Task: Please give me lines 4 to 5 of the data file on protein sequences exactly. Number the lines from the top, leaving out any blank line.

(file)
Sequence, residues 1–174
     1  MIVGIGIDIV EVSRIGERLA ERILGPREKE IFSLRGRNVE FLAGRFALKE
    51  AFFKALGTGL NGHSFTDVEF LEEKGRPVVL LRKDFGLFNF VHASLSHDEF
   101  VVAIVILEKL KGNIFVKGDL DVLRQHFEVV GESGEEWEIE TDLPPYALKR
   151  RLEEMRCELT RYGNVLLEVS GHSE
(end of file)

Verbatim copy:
   101  VVAIVILEKL KGNIFVKGDL DVLRQHFEVV GESGEEWEIE TDLPPYALKR
   151  RLEEMRCELT RYGNVLLEVS GHSE